But the real benefit of building an Earthship is how it helps reduce our consumption of resources and creates a consumption-neutral environment for us to live in. According to The Pew Center for Global Climate Change, Americans spend $15 billion each year on air-conditioning alone, accounting for 5 percent of our annual electric bill. That equates to 140 million tons of extra carbon dioxide released into the atmosphere annually—and that’s just for our air conditioners. With numbers like that, it’s easy to understand why Earthship Biotecture has become recognized as a legitimate, viable and necessary alternative building method to the wasteful practices of the conventionally built home.

Eric Brennan is a second generation master carpenter with over 20 years of construction industry experience. Since 2005, Eric has also been a hard at work honing his skills as a home improvement writer. In 2009, he was given the Associated Content award for best home improvement writer. Eric is currently a featured green and home improvement writer for the Yahoo! Contributor Network and editor of Construct101. He has produced thousands of articles on everything construction, remodeling, interior decorating, green building, and many other home improvement related fields for countless websites and blogs including the DIY network, P&G Tide, DeWalt.com, AT&T, Huffington Post, and Yahoo! News.

Steel Buildings – Can They Be Green Buildings?

If you’ve ever been inside an uninsulated steel building in the middle of summer, you know how hot it can get inside.

But can steel buildings still be a good choice for green building? Apparently, they can.

Let’s look at some features of steel buildings that could be considered eco-friendly, or green.

Steel does take a lot of energy to make. But it’s also easy to recycle, and it actually gets recycled, because it costs a lot. In fact, steel is the most recycled material on earth. Just about all steel that you buy also has high levels of recycled content.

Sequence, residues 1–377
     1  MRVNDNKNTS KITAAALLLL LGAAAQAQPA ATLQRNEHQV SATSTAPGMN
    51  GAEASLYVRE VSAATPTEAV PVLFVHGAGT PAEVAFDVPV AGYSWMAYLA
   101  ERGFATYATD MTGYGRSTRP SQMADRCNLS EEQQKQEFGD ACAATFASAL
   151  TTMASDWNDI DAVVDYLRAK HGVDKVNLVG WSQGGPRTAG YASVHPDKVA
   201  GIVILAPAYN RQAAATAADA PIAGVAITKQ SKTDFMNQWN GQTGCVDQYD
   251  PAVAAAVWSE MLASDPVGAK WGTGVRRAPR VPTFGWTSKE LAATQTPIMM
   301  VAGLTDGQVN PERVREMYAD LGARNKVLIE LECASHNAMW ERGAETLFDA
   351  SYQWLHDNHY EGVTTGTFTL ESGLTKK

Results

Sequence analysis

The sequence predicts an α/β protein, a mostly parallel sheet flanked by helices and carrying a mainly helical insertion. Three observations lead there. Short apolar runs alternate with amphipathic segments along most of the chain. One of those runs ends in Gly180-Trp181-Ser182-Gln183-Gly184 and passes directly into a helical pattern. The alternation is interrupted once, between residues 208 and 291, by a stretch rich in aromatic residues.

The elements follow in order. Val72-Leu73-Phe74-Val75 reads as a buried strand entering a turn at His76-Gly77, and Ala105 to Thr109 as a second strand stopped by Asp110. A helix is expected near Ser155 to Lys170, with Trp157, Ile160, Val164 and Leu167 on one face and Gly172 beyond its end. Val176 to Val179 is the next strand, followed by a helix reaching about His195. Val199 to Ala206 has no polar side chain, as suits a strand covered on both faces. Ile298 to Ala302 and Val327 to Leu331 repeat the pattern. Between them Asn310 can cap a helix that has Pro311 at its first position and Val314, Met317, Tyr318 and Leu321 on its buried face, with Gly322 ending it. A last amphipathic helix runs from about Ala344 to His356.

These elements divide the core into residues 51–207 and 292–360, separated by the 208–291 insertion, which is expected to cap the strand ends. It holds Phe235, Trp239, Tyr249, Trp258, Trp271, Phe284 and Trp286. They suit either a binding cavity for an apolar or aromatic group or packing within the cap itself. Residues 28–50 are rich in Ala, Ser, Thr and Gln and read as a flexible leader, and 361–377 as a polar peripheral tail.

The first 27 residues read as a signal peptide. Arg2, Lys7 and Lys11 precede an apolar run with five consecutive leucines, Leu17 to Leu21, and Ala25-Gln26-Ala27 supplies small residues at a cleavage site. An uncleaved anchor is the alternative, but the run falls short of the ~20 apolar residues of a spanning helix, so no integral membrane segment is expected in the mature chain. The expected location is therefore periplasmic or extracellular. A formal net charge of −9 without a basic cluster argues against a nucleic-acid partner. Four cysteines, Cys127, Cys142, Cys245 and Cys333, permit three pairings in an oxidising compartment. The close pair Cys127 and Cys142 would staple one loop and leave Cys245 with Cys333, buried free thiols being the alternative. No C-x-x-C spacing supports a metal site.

Steel has a longer life cycle than wood or other materials, so they don’t need to be repaired or replaced as often. Some steel buildings have manufacturer structural guarantees of 50 years.

And when the day finally comes for a steel building to be torn down, all of that steel is going to get recycled yet again.

Heating and cooling loss around doors, windows, foundation and roofing can be a lot lower with steel buildings than with other types of building materials, because of how well steel buildings fit together.

Metal roofs are cool roofs, when they are painted the right color or reflective. Check out the Energy Star website and you’ll see a large number of metal roofs listed as Energy Star compliant.

And check out the LEED points that you can earn with a steel building.

The University of Connecticut’s steel building was the first athletic building in the United States to earn LEED Gold status.

In Canada, Steelcare Inc.’s 50,000 square foot steel building was the first industrial building in the country to achieve LEED Canada Gold.

Air quality can also be better inside a metal building, because steel doesn’t offgas. With the right paint, there will not be any VOCs (volatile organic compounds).

But what about that incredibly hot metal building I was talking about before? It didn’t have insulation!

Insulation is key with metal buildings, and there are many different ways to insulate them effectively. Reflective insulation in particular works well with steel buildings.

Interested in learning more? Here’s a good article about metal buildings and energy efficiency from a trade publication for building operations management .

Anyone have any experience with steel buildings that have either Energy Star or LEED certification? Please leave a comment and tell us about it.